The Pocketbook Activists

Picture: Anas Chowdhury

Picture: Anas Chowdhury

Ever since Donald Trump’s election, we have seen companies stake their claim as pro or anti-Trump and his policies, whether purposefully or by accident. Among others, Nordstrom, Uber, Under Armour, and the ACLU have all received press for their statements or positions on Trump’s policies, often to great accolades or scorn. The reactions from companies have been varied as well; some have embraced the attention and tried to harness the free publicity, while others have reacted to the newly administered pressure and tried to avoid, or mitigate, the wave of angry consumers from either side of the political spectrum.

Media attention to a few of these cases has been sustained (Uber, Nordstrom) while other actions have received passing attention (ACLU donations, magazine and newspaper subscription increases). But, regardless of the level of attention, are people really changing their buying or giving habits? We hear reports that about 200,000 people deleted their Uber app and donations to the ACLU are increasing significantly, but how real is this movement in consumer behavior?

Since these companies aren’t about to let us peek into their books, we decided to take matters into our own hands and conducted a survey of 1,000 adults nationwide to ask them about their views on the economy and potential alterations in their consumer behavior. We were expecting to see movement, but we were shocked at the level of change shown in the data.

As we discussed in an earlier piece, the overall view on the current economy has not shifted much since last year. However, the U.S. Presidential election in November did have a clear effect on how Americans view the future. In fact, the most substantial change in opinion over the last five months concerns Americans’ feelings about how the U.S. economy will do over the next few years. As a result of Donald Trump’s unexpected win in the 2016 Presidential election, his supporters are much more optimistic about the future of the United States’ economy than they were prior to the election. Conversely, Clinton supporters have moved in the opposite direction.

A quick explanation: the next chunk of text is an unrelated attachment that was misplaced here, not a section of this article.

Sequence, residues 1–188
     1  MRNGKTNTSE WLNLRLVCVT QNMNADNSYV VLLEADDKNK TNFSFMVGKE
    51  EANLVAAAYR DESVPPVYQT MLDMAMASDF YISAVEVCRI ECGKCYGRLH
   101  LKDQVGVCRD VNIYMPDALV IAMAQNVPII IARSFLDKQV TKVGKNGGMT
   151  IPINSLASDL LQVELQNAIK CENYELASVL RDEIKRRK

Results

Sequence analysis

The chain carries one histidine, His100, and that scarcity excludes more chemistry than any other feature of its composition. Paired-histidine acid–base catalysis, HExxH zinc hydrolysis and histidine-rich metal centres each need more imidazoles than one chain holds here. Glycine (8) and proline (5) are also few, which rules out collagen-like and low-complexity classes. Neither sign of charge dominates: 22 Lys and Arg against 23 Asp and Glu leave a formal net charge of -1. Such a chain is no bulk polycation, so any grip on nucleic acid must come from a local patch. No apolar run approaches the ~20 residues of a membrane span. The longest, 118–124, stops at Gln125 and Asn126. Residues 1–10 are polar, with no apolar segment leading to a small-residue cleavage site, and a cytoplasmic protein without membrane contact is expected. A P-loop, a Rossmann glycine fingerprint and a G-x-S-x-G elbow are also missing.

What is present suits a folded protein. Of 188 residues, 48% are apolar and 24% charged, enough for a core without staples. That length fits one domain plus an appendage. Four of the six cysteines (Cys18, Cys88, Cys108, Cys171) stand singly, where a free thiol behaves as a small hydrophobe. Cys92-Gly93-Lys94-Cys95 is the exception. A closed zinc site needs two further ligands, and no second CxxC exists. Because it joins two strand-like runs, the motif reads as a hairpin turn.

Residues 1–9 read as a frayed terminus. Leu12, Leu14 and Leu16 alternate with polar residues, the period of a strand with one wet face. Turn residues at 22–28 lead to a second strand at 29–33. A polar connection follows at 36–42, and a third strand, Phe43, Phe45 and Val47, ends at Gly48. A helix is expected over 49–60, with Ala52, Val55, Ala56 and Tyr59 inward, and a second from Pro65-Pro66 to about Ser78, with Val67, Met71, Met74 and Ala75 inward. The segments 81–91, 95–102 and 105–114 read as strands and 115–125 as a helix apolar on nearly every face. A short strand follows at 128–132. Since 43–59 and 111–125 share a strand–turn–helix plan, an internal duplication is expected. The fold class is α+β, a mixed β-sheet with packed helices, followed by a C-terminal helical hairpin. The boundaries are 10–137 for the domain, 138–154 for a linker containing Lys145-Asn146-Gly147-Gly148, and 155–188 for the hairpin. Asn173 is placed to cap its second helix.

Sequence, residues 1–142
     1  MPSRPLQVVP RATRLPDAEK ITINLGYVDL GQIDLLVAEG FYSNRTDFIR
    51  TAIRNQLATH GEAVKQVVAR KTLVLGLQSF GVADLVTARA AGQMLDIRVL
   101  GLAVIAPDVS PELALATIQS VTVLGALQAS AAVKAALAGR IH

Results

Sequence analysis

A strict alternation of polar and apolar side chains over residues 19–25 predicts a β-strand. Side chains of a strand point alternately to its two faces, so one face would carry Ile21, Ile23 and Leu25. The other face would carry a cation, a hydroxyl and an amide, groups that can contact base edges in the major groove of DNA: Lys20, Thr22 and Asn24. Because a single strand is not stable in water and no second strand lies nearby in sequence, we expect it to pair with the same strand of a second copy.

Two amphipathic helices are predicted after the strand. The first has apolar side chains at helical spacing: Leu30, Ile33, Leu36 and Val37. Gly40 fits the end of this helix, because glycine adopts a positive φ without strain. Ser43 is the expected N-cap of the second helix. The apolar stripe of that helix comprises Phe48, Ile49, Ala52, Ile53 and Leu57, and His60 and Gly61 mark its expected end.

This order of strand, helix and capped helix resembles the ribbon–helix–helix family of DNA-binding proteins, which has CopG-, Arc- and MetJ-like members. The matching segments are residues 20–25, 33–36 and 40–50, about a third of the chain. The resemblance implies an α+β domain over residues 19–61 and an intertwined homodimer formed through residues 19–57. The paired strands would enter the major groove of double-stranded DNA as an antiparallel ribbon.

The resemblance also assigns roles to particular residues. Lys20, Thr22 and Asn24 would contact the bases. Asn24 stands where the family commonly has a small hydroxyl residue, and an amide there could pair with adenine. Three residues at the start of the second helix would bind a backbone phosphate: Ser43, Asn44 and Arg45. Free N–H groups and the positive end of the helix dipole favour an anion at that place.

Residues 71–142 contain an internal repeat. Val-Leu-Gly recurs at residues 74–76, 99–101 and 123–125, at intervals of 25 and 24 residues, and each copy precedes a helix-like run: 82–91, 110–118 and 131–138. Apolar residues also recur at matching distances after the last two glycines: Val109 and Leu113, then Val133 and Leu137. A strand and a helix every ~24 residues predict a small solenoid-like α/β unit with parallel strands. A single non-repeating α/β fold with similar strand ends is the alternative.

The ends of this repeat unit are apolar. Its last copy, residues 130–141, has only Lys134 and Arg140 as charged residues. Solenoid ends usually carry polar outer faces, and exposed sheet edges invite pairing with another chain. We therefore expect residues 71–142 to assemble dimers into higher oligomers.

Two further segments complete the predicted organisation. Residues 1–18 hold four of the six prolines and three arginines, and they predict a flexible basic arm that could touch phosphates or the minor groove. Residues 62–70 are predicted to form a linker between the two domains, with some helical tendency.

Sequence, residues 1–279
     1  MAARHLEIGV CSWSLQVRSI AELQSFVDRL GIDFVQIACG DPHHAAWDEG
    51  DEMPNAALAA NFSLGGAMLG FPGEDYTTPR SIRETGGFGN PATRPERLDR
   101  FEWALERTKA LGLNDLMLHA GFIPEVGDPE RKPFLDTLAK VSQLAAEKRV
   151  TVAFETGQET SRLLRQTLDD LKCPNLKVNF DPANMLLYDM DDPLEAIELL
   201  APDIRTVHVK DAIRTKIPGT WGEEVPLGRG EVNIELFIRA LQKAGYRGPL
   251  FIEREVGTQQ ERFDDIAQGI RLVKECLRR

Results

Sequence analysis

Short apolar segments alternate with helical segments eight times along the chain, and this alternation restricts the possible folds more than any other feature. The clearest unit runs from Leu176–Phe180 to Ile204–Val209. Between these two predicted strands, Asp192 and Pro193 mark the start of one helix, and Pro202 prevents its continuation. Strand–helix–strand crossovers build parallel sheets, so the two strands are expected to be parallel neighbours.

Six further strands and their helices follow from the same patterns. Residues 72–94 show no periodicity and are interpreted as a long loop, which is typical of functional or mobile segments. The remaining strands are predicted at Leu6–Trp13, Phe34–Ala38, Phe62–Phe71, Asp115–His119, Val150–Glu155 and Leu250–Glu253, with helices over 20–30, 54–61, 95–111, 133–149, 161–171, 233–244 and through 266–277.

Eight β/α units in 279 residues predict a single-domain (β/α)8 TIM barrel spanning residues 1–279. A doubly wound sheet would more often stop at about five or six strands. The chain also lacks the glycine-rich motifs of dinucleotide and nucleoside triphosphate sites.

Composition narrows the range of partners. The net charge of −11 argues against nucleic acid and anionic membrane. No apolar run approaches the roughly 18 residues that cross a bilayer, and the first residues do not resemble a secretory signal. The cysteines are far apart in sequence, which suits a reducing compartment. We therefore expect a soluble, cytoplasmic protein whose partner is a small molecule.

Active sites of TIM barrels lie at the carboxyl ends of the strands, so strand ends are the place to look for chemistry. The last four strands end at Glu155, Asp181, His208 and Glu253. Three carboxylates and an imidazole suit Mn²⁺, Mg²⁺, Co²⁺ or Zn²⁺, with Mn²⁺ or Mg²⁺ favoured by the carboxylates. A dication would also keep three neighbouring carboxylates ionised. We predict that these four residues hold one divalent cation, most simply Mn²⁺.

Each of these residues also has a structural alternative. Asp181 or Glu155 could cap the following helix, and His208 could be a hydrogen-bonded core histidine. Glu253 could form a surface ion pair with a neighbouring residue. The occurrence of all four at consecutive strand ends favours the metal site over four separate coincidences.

It's not surprising that Clinton voters have little faith in the new President or that back in October before the election, Trump’s supporters saw their own status and the economy as lagging. However, it was a bit of a surprise that Trump’s supporters not only have high expectations for his presidency, but they also view their own economic situation in a different light than they did prior to the election – even though little has probably changed in their daily lives given the short time since Trump took office.

Even with this new economic perception as a backdrop, we were still surprised by the high number of Americans who have changed their economic behavior since last November. Indeed, 19% of American adults – which translates to roughly 47 million people – say their spending habits have changed. But what should be of even bigger concern for companies is that half of this cohort – roughly 23.5 million people – say they are now buying from direct competitors of the companies they feel do not align with their own ideals anymore. Additionally, over one third (36%) say they have stopped spending money at a certain company and instead have given that money to a non-profit that focuses on an issue important to them.

In total, 12% of adults have become what we refer to as Pocketbook Activists. At close to 30 million Americans, this group represents about $1.6 trillion in total annual spending according the Bureau of Labor Statistics. While these shifts most likely represent a small proportion of their total spending, if just 1% of their spending shifts from one company to another or to a non-profit, companies are going to notice.

These are clearly interesting times; companies and non-profits alike would be well served to factor in these new consumer trends as they move forward. Pocketbook Activists are here and they are keeping a close eye on what companies are doing and saying.


According to our poll, nearly 1 in 5 Americans have changed their spending habits since the November election. Surprisingly, this large number (19% of all adults) does not differ by income level, as households making over and under $100,000 show almost identical answers. There is also minimal difference by gender, although women are slightly more likely to have altered their habits (20%) than men (18%). We did find some separation by gender for those under 45 years old, as a quarter of women in this age bracket changed their spending, compared to 18% of men under 45. There were also very small differences among those that identify as liberal or conservative, just about 23% of each group.